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Guest Blog Post: Content Teachers Take Your Seat at the Table

Published on Mon, 05/02/2022

How to empower students by participating in IEP and 504 team meetings

By Laurel Peltier, Collaborative for Educational Services

Emerging America has benefitted at key moments from Laurel's deep experience as a teacher and leader in support of students with disabilities. We are pleased to add her insights on ways that History and Civics teachers can support IEP and 504 teams to the Accessing Inquiry clearinghouse of resources.


 

Guest Blog Post: Defining Civic Equity for Students with Disabilities

Published on Fri, 03/04/2022

By Leah Bueso

Civic Engagement Research Group, University of California, Riverside

 

“Disability is a natural part of the human experience and in no way diminishes the right of individuals to participate in or contribute to society.”

- Individuals with Disabilities Education Act of 2004 

Closing the Gap in Civics for Students with Disabilities in Classrooms from K-12

Published on Wed, 09/08/2021

Mind the Gap

Students gain knowledge and skills in civics and history when schools provide effective instruction and when students have opportunities to express their voice and to engage in activities like service-learning. Yet American education is falling far short–in elementary grades in particular–and especially for students with disabilities.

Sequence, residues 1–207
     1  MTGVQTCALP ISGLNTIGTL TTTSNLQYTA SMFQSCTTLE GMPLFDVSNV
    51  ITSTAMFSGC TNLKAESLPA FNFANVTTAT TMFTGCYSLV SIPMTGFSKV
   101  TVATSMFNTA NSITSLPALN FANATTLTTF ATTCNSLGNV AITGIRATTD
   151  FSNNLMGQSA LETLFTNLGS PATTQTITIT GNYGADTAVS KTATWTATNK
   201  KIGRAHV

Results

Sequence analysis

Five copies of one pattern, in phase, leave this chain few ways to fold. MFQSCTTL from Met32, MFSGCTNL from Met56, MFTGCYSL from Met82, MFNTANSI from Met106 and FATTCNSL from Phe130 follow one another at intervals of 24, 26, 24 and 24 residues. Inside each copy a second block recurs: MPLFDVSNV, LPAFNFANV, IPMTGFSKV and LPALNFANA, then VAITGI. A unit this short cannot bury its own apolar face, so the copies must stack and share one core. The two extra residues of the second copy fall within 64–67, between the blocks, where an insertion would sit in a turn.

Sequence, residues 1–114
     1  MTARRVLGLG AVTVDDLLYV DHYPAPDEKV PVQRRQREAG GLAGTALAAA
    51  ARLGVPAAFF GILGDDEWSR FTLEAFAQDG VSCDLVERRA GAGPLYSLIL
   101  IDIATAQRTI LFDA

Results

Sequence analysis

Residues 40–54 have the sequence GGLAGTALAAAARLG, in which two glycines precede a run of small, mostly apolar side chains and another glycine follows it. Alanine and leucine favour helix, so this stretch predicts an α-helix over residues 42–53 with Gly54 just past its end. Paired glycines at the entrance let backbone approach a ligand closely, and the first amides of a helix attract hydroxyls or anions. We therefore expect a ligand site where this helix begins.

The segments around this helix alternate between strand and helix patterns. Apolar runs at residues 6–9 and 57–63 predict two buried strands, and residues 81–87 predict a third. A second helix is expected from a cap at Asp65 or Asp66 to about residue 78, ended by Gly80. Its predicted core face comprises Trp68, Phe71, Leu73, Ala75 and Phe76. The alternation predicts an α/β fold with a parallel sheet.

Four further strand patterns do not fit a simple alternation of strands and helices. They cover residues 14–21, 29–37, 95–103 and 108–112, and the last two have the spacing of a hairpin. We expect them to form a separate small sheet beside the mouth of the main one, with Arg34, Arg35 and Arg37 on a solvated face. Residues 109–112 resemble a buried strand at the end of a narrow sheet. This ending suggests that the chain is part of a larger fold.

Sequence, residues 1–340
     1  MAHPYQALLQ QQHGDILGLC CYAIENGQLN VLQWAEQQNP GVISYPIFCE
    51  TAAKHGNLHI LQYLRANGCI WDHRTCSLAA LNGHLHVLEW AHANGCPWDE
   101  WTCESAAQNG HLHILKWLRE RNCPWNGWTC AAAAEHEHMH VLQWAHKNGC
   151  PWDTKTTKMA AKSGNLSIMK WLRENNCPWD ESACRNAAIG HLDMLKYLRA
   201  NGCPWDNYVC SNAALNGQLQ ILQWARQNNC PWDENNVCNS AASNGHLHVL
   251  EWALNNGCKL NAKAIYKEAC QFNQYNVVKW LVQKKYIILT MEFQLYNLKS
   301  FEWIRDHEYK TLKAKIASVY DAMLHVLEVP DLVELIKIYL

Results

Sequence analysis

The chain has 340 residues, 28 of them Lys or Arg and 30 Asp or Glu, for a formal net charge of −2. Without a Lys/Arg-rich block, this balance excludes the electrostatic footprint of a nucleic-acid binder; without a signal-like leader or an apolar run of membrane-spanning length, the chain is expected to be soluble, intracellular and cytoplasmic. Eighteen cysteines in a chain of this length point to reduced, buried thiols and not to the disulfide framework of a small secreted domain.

What is our value? A look at undervalued people

What is our value? The principle that people are paid for their work does not always work as it should; many people who have been historically undervalued have contributed to American society, including many people of color, people with a disability, women, and children. Students view images and text of people whose lives may not have been adequately valued by their contemporaries. Students examine those documents, do further research, and come to their own conclusions about how those individuals should have been and should be valued, and possibly assisted.

Winter Course on Using Inquiry and Primary Sources to Increase Access for ALL

Published on Fri, 01/15/2021

Amazing and student-empowering teacher-created lesson plans have been the result each time we offer this course! 

Our online graduate-level one-credit course, Accessing Inquiry for Students with Disabilities through Primary Sources, offered from January 16 to March 18, provides an opportunity to expand your comfort with finding and using primary sources to engage students of all abilities. Discuss strategies and tools with seasoned educators and creative colleagues around the country through the online discussions throughout the month. 

Putting Primary Sources in Order - Text Set and Flow Map

Organizing a rich text set of primary sources requires that students analyze and make sense of several sources on a topic. In this case, they seek to answer a focused guiding question. Students sort through about a dozen images, letters, forms, and political cartoon. In practice, a teacher could offer fewer sources, though it is a valuable sometimes to require students to choose among sources. The primary sources are also give context by a secondary source narrative from the Veterans Administration. 

Wendy Harris guest post: What exactly is a disability?

Published on Tue, 09/22/2020

In celebration of our new course on teaching disability history in the K-12 classroom, we invited Wendy Harris, a teacher at a school for the Deaf with expertise in teaching DeafBlind students, to share her thoughts about disability with us. The topic of Deafness as a disability gives the opportunity to begin with an exploration of the conception of DISABILITY itself, and the question of what abilities and attributes should be regarded as a disadvantage or an equally valid and valuable difference in experience of the world. This is where Wendy Harris's reflections begin. 
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